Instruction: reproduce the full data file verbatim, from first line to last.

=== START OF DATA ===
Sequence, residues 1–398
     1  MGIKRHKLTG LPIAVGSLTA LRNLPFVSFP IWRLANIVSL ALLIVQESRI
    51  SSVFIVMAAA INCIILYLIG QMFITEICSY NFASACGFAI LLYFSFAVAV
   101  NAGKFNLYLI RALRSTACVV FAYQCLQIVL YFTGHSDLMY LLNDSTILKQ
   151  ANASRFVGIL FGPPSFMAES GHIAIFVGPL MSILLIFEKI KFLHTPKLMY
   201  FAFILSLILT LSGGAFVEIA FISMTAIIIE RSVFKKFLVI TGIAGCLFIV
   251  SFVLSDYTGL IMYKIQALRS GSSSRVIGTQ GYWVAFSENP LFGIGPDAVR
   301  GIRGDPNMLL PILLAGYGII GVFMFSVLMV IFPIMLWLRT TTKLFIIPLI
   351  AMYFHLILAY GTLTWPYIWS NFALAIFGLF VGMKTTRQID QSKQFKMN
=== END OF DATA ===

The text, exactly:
Sequence, residues 1–398
     1  MGIKRHKLTG LPIAVGSLTA LRNLPFVSFP IWRLANIVSL ALLIVQESRI
    51  SSVFIVMAAA INCIILYLIG QMFITEICSY NFASACGFAI LLYFSFAVAV
   101  NAGKFNLYLI RALRSTACVV FAYQCLQIVL YFTGHSDLMY LLNDSTILKQ
   151  ANASRFVGIL FGPPSFMAES GHIAIFVGPL MSILLIFEKI KFLHTPKLMY
   201  FAFILSLILT LSGGAFVEIA FISMTAIIIE RSVFKKFLVI TGIAGCLFIV
   251  SFVLSDYTGL IMYKIQALRS GSSSRVIGTQ GYWVAFSENP LFGIGPDAVR
   301  GIRGDPNMLL PILLAGYGII GVFMFSVLMV IFPIMLWLRT TTKLFIIPLI
   351  AMYFHLILAY GTLTWPYIWS NFALAIFGLF VGMKTTRQID QSKQFKMN